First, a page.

Monday, December 19, 2016

The Scientific Revolution, Hypotheses, Assumptions and the Case of Fred Hoyle

First principles (archai) characterize modern science and other fields of knowledge. Contemporary scientia forms hypotheses, makes assumptions, then begins to advance from those archai by means of testing and observation. However, it was really the advent of modernity that made science begin to focus more on quantities and measurements instead of syllogisms and philosophical inquiry. For instance, Copernicus worked out his sun-centered universe by deploying math, and it was by utilizing the data of Tycho Brahe that Johannes Kepler worked out his laws of motion, which included the formulation of elliptical orbits. Copernicus and Galileo replaced the geocentric model of the universe with heliocentrism--this feat was accomplished through mathematical precision and empirical observation instead of relying on metaphysics. Newton and Galileo also focused more on a quantitative view of the universe; the former especially saw no need (per se) to create a nexus between physical objects and metaphysical explanations.

As everyone knows, despite its generally dismissive attitude toward philosophical inquiry and religion, modern science has been known to change its paradigms from time to time: examples of paradigm shifts include the wholesale rejection of Aristotle's Physics and Ptolemy's Almagest. In their place came Newton's Principia Mathematica, and later, Einsteinian physics. The emphasis then shifted towards physical laws, mathematical theory, application of theories, and technical instrumentation. Science also works within certain paradigms and feels the need to stay within those given set of parameters. So if one departs from the current paradigm, he/she will be considered eccentric or "unscientific."

Fred Hoyle illustrates how this characterization might work. While Hoyle is a brilliant scientist, there are times when he evidently holds "dissident" views that are not congruent with the professional community of scientists as a whole. Some of Hoyle's famous opinions have been with regard to the Big Bang and his metaphysical views, which he tried to couple with scientific theory ( i.e., mysticism). How have scientists usually responded to Hoyle's efforts?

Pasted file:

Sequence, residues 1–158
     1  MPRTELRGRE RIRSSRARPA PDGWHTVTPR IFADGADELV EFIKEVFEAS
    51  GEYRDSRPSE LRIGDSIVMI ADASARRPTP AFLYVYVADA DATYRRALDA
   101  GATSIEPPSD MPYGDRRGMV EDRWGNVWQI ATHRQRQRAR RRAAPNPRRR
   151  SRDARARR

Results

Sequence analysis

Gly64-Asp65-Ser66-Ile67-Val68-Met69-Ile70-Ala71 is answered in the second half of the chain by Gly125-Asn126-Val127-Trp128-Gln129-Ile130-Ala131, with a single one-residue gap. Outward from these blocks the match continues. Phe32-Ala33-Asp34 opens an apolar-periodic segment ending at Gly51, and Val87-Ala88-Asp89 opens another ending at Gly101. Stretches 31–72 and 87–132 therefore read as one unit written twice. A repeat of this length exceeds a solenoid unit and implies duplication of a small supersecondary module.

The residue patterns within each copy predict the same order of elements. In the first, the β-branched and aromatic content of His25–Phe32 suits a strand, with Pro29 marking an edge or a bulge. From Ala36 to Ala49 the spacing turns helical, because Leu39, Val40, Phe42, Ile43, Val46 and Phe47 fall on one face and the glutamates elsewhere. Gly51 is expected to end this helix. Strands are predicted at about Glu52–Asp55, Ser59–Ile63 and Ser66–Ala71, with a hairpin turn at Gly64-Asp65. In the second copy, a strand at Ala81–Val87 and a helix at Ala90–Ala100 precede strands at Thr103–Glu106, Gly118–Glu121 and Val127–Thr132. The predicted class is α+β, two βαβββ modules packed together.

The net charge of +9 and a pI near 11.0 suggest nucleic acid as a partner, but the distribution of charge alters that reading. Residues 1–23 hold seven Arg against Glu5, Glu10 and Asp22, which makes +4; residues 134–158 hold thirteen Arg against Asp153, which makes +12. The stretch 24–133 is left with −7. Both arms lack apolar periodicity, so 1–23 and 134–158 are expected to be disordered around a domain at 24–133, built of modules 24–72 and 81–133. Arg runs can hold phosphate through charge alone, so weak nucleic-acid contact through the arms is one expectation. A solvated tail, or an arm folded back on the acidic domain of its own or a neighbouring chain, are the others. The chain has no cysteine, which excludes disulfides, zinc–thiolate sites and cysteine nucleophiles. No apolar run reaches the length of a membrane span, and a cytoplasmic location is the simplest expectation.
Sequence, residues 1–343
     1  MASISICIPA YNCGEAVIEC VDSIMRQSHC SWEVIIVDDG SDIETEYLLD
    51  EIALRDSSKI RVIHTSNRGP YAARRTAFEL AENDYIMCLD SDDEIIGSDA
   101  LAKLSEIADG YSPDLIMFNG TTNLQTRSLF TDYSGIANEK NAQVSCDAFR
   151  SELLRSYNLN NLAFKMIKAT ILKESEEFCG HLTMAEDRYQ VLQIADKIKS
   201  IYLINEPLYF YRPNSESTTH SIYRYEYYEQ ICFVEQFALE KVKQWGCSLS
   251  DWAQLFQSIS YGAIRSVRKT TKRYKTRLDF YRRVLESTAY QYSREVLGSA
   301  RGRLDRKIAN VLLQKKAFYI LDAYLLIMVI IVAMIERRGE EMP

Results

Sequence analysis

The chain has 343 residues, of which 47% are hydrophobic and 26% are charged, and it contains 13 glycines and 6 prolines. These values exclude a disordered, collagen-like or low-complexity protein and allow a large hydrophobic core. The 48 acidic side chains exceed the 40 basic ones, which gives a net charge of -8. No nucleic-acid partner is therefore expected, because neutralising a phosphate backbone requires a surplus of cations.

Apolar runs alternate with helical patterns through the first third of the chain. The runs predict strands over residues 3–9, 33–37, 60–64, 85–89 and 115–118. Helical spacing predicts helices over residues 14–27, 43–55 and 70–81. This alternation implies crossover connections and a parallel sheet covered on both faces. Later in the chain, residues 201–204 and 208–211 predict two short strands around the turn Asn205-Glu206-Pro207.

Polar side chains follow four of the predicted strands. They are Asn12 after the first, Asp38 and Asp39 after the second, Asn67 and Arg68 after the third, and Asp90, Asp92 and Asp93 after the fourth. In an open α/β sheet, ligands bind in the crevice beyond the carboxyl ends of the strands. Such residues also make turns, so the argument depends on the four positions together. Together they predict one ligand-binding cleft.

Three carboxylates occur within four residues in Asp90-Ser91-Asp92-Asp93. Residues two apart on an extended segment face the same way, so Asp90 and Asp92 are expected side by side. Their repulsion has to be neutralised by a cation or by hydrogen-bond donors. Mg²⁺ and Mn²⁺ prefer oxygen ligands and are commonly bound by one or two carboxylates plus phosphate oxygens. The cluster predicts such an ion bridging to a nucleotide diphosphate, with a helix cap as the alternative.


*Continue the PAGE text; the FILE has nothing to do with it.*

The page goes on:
[To be continued]


Sean Killackey said...

What do you think of the arguments of those who say that final causes are either unnecessary due to modern science, or are disproven by it? Likewise, what of those who hold the opposite position.

Edgar Foster said...

Final cause is usually defined as the purpose, function, telos or the "that for the sake of which" (Aristotle) something exists/occurs or takes place.

Since reading Edward Feser's "The Last Superstition," I've asked myself whether a theist is committed to belief in final causes or not. Whichever side one takes, I don't see how science makes final causes superfluous. For instance, learning about the material of hearts (the matter of which they're made) and how they function doesn't render the "why" question about hearts superfluous. Suppose that we could find out all we could possibly know about universal matter and the "push and pull" of material bodies (also known as efficient causality). How would such knowledge negate the why question of the universe?

As for disproving final causes, I don't understand how science by its very stated mission/methods can do any such thing. However, I'm not convinced that a theist is committed to Aristotelian final causes; it's possible our conception of teleology or final causality could be reoriented.

Briefly, let me say that I think it's a heavy lift to prove that Aristotelian form and final causes exist. Why should we be limited by his idea of final causes and entelechy?